The data gathered in this study can be useful in the design of public health actions, programmes and policies aimed at this group. (Photo: Andres Ayrton, Pexels)
Sònia Armengou Casanovas
This is the main finding of a study by the University of Vic - Central University of Catalonia and Universitat Oberta de Catalunya, which warns of increased inequalities amongst this group, already vulnerable before lockdown
The authors stress the need for public policies to prevent a continued increase in nutritional and health-related inequalities
The findings have been published in the journal 'Nutrients'
Eating habits amongst the young changed during the lockdown imposed due to COVID-19 and worsened in the case of those belonging to socioeconomically disadvantaged groups. These are the chief findings of an open access study published in specialist journal Nutrients, headed by researchers Alícia Aguilar Martínez, of the Universitat Oberta de Catalunya, and Marina Bosque Prous, of the UOC and UManresa, as part of the DESKcohort project of the interuniversity Epidemiology and Public Health research group GRESP.
The study, of 303 Catalan young people aged between 12 and 18, sought to establish how this age group's diet had changed from March to May 2020, in terms of both eating behaviours and the products consumed. The goal was to collect data to ascertain whether the changes were different depending upon the quality of their diet prior to the pandemic and their socioeconomic position.
For Aguilar Martínez, expert in adolescent nutritional health, "understanding how lockdown affected the quality of the diet of young people helps us determine which factors impact adolescents' food-related decisions and behaviours".
Differences due to socioeconomic position
The study shows how young people in more socioeconomically disadvantaged positions cut back on their consumption of cereals and vegetables and increased their intake of convenience foods. The figures show that the risk of a worsening in the diet of this group is 21% greater for adolescents from other socioeconomic realities. Bosque Prous notes how the figures point to "an increase in inequalities amongst a group already vulnerable before lockdown".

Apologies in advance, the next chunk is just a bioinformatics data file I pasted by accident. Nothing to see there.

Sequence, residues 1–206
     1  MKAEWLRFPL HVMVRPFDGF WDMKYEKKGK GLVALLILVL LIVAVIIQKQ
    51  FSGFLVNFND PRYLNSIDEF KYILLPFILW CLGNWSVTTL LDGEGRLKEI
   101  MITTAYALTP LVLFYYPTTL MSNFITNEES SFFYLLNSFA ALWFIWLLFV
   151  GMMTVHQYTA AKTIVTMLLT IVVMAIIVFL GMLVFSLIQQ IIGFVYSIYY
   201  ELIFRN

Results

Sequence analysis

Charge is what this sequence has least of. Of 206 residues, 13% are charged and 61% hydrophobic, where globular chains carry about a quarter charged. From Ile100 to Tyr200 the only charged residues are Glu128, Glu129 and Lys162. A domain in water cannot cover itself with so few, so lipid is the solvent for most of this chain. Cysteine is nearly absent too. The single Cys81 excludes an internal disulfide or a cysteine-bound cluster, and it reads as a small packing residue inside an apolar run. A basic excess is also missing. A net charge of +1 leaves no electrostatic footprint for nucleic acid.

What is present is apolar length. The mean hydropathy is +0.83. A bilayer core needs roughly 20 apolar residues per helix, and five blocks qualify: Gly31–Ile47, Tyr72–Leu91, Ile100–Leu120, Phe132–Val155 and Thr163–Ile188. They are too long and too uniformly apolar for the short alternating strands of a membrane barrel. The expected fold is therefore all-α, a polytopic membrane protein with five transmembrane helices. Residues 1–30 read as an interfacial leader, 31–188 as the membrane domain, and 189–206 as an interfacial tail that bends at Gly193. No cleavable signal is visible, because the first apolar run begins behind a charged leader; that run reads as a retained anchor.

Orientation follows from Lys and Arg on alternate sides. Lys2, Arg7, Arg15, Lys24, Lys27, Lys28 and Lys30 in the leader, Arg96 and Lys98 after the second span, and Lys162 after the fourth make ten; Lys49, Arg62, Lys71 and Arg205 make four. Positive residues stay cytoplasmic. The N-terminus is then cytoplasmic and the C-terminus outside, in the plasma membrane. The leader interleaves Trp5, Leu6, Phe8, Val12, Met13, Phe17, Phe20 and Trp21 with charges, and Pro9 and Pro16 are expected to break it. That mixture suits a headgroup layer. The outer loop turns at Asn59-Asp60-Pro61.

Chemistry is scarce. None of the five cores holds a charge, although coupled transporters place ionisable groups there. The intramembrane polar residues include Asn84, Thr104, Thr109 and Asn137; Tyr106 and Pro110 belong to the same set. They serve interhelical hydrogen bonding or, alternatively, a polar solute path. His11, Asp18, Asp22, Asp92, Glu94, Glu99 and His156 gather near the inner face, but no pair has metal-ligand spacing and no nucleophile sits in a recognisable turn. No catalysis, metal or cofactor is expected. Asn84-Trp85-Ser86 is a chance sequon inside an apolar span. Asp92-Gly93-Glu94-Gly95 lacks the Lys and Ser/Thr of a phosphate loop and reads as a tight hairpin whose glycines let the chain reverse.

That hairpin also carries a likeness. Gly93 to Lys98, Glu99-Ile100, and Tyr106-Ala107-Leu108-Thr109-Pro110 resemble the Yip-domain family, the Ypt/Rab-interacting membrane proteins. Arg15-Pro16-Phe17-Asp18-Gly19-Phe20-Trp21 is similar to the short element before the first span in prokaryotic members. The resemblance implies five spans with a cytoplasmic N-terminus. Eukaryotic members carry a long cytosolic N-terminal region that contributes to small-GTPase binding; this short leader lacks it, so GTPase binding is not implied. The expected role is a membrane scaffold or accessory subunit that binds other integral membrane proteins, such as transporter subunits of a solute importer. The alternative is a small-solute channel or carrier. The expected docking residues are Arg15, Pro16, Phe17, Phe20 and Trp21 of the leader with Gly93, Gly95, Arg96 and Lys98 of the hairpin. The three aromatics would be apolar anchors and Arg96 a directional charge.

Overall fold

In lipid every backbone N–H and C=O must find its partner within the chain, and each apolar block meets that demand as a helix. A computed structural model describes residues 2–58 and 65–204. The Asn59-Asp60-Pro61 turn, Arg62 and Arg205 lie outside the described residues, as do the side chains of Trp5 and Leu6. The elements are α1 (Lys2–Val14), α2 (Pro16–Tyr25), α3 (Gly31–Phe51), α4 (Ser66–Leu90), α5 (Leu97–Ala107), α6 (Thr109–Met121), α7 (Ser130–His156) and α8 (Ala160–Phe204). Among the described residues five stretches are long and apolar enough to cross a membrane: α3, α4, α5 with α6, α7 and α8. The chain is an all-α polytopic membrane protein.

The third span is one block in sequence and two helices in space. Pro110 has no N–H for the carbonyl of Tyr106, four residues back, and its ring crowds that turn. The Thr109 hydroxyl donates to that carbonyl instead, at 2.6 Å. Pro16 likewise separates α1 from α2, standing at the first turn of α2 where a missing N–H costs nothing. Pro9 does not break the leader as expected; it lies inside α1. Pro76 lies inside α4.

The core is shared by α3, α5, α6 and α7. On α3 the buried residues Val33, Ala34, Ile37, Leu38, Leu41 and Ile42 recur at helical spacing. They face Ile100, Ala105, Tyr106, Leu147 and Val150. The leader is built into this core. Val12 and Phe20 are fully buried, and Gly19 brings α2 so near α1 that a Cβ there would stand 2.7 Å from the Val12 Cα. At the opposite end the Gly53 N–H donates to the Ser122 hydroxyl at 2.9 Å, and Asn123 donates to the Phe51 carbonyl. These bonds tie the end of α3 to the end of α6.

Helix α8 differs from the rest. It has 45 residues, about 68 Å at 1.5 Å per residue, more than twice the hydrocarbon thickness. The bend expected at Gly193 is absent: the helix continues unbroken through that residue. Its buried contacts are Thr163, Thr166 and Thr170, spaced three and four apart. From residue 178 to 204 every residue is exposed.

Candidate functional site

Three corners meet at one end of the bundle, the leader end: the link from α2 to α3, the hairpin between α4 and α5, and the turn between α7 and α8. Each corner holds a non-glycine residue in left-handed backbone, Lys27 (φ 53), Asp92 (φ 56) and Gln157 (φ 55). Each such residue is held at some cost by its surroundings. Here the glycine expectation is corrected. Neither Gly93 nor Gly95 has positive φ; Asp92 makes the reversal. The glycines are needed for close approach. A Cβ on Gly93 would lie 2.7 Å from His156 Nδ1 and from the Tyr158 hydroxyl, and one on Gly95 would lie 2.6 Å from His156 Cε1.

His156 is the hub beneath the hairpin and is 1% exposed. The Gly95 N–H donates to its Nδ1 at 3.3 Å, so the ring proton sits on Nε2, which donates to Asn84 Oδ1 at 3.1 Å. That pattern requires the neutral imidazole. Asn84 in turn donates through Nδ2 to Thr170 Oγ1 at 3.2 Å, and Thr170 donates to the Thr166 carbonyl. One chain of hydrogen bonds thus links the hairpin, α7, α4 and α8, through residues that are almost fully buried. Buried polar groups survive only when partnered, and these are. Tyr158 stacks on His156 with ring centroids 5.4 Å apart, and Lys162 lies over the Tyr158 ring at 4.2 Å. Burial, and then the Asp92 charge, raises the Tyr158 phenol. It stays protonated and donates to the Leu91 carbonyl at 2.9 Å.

Given the findings, continues this expert in public health, "the public administrations would do well to foster actions and policies that help prevent situations such as these or be better prepared for any future lockdowns". The data gathered in this study, said the researchers, "can be useful in the design of public health actions, programmes and policies aimed at this group".
With regard to the general changes noted, the study finds that 40% of young people have increased their consumption of fruit and 21.5% say that they have eaten a more varied diet. 39.3% have cut their consumption of sweets and pastries, 49.2% that of convenience foods and 49.8% that of sugary soft drinks. On the other hand, 56% acknowledge having snacked between meals and having eaten those meals on a more irregular basis. Nevertheless, the researchers stress that "there is a need to analyse whether these changes, which have arisen over a short period of time, will remain in place in the long term."
Aguilar issues a warning, noting that adolescence is a critical period in the establishment and consolidation of lifestyles that affect both development and the prevention of diseases in adulthood. This is why, she said, there is a need to "focus on the characteristics of more vulnerable groups when it comes to developing public policies and making recommendations on a healthy diet. They must be adapted to those at most risk and prevent any continued increase in nutritional and health inequalities”, she advocated.
The DESKcohort project is an initiative headed by the University of Vic – Central University of Catalonia and by the UVIC-UCC/UOC Epidemiology and Public Health interuniversity research group, with the support of the Subdirectorate-General for Drug Addiction of the Catalan Public Health Agency and of the Catalan Ministry of Education.
This study helps in achieving Sustainable Development Goal 3, Good Health and Well-Being, and 10, Reduced Inequalities.
Alicia Aguilar-Martínez, Marina Bosque-Prous, Helena González-Casals, Ester Colillas-Malet, Susanna Puigcorbé, Laura Esquius and Albert Espelt. Social Inequalities in Changes in Diet in Adolescents during Confinement Due to COVID-19 in Spain: The DESKcohort Project. Nutrients 13(5), 1577 (2021) doi: https://doi.org/10.3390/nu13051577
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Alicia Aguilar Martínez
Lecturer in the Health Sciences Department
Director of the Master's Degree in Nutrition and Health
Deputy Dean of Teaching in the Faculty of Health Sciences
Expert in: Educational innovation in e-health; food studies from a health perspective; biotechnology; nutritional education.
Knowledge area: Nutrition.